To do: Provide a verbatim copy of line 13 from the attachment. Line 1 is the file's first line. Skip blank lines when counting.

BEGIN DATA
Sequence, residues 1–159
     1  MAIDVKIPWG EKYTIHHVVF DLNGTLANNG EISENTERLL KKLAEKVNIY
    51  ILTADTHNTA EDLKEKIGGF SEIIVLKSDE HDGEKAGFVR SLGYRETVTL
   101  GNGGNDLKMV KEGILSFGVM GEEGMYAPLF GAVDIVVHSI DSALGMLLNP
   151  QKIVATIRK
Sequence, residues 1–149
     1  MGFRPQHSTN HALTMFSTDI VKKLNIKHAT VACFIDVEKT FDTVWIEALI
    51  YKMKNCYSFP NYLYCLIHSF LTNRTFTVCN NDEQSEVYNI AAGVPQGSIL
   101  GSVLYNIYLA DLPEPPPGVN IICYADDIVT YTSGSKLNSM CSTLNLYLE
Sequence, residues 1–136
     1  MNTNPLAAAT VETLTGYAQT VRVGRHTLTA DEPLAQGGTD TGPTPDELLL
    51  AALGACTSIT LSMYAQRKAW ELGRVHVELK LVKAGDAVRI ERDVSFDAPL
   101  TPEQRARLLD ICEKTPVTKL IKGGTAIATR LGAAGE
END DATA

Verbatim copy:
   101  TPEQRARLLD ICEKTPVTKL IKGGTAIATR LGAAGE